Waste (Czech Republic)
Why should we care about this issue
Waste management in the Czech Republic is associated with nearly all types of production, especially industrial production and civil engineering, which produce the most waste. In the Czech Republic, the public sector makes an important contribution to waste management through municipal waste.
During the period 2002–2008, total waste production in the Czech Republic fell by 19.2 %. However, the trend came to an end in 2006 when, due to economic development, total waste production increased by 4 % annually (see Fig.).
In 2008, 6.4 % of all waste handling was related to waste recovery. Of the total waste recovered, 96% was related to materials and 4 % to energy. Additional information: http://issar.cenia.cz/issar/page.php?id=1844.
The state and impacts
Unlike other types of waste, municipal waste is mainly treated using one method of waste disposal. In 2008, 80 % of the total municipal waste produced was processed by means of waste disposal. However, due to a lack of materials and energy waste recovery facilities, most of the mixed municipal waste is being placed in landfill sites. By contrast, most of the sorted municipal waste is being recycled (glass, plastics, paper). Additional information: http://issar.cenia.cz/issar/page.php?id=1645.
During the reference period 2002–08, the tendency in waste management was towards increasing the share of treated waste and material recovery in particular. Continuous development in production and the waste management business contributed to an increase in material recovery and in 2008, 68 % of the total waste produced was recycled. According to the Figure, between 2002 and 2008, 63–72 % of the total waste produced was reported as recyclable waste – increasing the share by up to 6.4 %. Additional information: http://issar.cenia.cz/issar/page.php?id=1647.
As the walking distance to containers has been reduced and the number of containers has increased the total amount of recycled packaging waste has grown significantly. During the reference period 1999–2008, the total amount of packaging waste recycled has increased 29-fold (see Fig.). At the same time, the yield of sorted waste also increased rapidly (by 570 %) which meant that by 2008, every Czech citizen was sorting 53.1 kg of waste per year (see Fig.). If we focus on the structure of disposable packaging, the most common packaging is paper (39 %), followed by plastic (23 %). The share of glass packaging is 21 % (see Fig.).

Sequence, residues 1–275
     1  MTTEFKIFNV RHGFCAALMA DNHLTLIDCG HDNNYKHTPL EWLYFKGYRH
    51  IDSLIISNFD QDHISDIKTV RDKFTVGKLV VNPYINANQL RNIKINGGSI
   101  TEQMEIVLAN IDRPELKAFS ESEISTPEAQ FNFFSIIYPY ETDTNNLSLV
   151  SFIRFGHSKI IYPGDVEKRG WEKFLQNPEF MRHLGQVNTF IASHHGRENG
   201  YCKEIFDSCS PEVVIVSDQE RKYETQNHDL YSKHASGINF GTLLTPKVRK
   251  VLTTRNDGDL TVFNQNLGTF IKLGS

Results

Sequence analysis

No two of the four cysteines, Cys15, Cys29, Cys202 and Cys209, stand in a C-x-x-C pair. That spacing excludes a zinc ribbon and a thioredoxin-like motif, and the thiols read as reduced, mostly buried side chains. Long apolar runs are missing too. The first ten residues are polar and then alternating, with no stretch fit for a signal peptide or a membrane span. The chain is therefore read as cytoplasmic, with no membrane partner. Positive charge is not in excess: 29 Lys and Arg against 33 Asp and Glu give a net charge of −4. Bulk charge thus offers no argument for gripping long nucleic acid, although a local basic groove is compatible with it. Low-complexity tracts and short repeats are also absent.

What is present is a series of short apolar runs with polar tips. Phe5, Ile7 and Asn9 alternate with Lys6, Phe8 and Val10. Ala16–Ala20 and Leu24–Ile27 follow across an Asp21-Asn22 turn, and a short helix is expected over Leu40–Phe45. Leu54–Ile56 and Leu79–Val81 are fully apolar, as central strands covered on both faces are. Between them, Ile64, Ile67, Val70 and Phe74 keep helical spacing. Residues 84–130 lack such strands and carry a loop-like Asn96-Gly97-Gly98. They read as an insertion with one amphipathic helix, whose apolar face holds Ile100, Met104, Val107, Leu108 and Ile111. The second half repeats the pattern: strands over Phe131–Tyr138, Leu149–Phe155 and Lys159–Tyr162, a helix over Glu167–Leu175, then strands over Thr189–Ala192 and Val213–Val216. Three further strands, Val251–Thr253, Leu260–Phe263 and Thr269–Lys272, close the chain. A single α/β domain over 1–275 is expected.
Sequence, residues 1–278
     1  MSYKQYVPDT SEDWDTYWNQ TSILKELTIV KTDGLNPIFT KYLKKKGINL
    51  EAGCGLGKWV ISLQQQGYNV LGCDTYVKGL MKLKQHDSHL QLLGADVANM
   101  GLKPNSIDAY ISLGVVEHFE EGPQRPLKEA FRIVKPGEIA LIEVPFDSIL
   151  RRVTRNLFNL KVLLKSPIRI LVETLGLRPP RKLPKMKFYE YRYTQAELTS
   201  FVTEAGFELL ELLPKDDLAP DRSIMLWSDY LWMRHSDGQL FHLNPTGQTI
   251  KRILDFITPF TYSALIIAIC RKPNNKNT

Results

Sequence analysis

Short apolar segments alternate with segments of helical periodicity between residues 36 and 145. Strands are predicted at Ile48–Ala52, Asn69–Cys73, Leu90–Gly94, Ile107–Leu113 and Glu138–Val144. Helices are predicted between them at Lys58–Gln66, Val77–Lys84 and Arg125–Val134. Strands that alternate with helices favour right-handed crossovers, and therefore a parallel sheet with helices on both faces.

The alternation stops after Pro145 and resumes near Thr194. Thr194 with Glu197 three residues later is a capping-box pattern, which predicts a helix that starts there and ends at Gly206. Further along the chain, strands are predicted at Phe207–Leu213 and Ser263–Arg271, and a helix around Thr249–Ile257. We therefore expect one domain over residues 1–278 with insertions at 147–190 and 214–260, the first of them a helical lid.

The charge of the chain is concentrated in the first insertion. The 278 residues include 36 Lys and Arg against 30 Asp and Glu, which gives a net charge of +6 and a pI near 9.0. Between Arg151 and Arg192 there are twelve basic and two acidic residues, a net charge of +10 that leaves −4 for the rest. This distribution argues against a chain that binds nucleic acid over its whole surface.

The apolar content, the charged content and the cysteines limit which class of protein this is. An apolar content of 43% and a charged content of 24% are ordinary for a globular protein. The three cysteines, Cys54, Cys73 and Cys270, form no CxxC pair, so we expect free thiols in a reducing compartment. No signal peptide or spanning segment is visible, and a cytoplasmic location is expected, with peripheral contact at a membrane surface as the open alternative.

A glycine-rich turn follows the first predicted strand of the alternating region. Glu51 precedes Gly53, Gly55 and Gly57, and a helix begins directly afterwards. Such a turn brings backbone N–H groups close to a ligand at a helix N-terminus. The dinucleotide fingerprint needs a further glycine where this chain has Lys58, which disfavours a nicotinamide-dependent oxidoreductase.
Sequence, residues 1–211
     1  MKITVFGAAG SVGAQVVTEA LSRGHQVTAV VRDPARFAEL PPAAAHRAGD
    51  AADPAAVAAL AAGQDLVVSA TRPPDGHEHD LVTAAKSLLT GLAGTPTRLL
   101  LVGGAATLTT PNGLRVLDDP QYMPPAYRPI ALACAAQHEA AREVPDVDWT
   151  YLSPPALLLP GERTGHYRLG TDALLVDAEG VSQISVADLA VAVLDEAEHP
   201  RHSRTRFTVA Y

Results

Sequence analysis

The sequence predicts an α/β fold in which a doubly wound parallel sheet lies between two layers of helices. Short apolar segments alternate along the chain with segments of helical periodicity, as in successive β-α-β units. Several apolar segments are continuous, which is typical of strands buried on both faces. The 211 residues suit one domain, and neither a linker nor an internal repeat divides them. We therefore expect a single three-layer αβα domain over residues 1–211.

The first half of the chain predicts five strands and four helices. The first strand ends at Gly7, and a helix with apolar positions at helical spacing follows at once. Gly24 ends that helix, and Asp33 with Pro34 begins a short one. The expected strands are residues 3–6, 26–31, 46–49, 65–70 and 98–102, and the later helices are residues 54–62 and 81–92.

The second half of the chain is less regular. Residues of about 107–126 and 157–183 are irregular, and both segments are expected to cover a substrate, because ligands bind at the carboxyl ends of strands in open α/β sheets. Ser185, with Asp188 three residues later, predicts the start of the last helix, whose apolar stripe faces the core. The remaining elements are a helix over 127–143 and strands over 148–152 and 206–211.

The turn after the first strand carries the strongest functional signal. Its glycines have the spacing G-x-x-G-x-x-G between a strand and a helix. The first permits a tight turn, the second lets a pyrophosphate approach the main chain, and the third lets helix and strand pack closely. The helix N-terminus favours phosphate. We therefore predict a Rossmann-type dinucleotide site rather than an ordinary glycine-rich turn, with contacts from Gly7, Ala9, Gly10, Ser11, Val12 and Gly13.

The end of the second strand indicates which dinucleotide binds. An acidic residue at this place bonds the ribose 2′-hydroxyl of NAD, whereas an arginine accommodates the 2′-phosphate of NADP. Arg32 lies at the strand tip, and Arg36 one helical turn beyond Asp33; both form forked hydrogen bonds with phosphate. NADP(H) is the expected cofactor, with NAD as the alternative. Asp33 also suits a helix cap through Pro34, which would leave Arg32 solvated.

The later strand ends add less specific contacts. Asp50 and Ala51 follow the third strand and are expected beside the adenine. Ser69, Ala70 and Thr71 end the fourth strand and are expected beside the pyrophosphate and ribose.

In terms of recycling rates, paper is the most successful commodity, with a material recovery rate of 96 %. This is followed by glass (68 %), metals (54 %) and plastics (52 %). The problem with the recycling of plastics is that there is such a large variety that it makes further processing more difficult and less efficient (see Fig.). Additional information: http://issar.cenia.cz/issar/page.php?id=1648.
One of the basic principles of Czech waste management is the importance of minimising the impacts of waste on human health and the natural environment by pretreating hazardous and non-hazardous waste ahead of recovery or disposal. The most common pre-treatment is biological and physico-chemical treatment. The share of pre-treated waste out of the total waste handled is 11 % (see Fig.).
The key drivers and pressures